Microsoft has scooped up former Sun chip architect Marc Tremblay, in a move that strikes a blow to the besieged software and systems maker and further enriches the software giant.
The New York Times first reported word of Tremblay's departure from Sun to Microsoft, where he will hold the title of distinguished engineer.
In a statement, Sun said:
""Sun can confirm that Marc Tremblay, Sun Fellow and CTO for Microelectronics, has decided to leave the company. Rick Hetherington, who has served as co-CTO for Microelectronics with Tremblay, will assume leadership. We thank Marc for his many contributions over the last eighteen years and wish him all the best in his future endeavors. Hetherington has been with Sun for more than ten years and has served as co-CTO for the Microelectronics business unit for two years. Prior to that he spent sixteen years with Digital Equipment Corp. working on various processors and systems.""
According to reports in the Wall Street Journal and other outlets, Tremblay will be joining Microsoft's Strategic Software/Silicon Architectures group, also known as SiArch.
But, you might ask, what would a software company want with somebody like Tremblay?
Well, the WSJ hazards a notion:
""Stepping back, it's easy to see how a person with Tremblay's talents could help the company. Microsoft's Xbox division, for example, has to think about which microprocessors to consider in designing a follow-up to its current gaming console. Its Windows group, meanwhile, has to design new versions of the operating system for the rapid proliferation of chips with many electronic brains rather than one or two.""
That seems to be close to the mark. The SiArch group works closely with Microsoft's strategic hardware partners and focuses on areas including parallel computing, green computing and adaptive computing.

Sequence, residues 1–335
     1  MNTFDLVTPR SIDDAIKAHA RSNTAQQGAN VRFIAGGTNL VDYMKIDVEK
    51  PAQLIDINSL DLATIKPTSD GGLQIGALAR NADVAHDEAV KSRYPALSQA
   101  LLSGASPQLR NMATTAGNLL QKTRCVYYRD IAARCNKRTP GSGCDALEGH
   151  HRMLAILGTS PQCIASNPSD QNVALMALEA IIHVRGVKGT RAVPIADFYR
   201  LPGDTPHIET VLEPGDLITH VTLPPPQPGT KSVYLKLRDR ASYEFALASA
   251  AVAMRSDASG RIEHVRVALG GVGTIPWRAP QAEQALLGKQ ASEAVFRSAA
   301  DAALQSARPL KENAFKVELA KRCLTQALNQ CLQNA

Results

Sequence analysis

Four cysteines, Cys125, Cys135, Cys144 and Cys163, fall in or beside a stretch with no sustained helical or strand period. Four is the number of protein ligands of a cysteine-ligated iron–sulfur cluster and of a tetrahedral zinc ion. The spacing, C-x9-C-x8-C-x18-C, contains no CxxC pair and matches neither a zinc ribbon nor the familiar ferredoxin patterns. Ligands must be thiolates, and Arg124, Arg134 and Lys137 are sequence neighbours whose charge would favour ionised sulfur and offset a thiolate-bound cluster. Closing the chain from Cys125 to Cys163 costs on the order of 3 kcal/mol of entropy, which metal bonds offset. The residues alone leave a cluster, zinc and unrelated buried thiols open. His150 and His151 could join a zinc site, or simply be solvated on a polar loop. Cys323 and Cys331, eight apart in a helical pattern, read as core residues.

A description of the Microsoft SiArch group said SiArch "reports into the Advanced Strategies & Policy division and is chartered with ensuring the success of novel advances in software and hardware by working cross divisionally to develop the Microsoft-wide strategies and build strong relationships with key hardware partners. The team works with the most senior technical and business people at Microsoft at the forefront of the software/hardware innovation areas" and helps set companywide direction.
However you look at it, Microsoft's hire of Tremblay, who worked at Sun for 18 years and helped architect the evolution of the company's SPARC line of processors, is a coup. It is a continuation of Microsoft's New York Yankees-like acquisition of some of the best talent available. In another recent move, Microsoft hired Jonathan Shapiro, a microkernel operating systems expert and professor of computer science at Johns Hopkins University.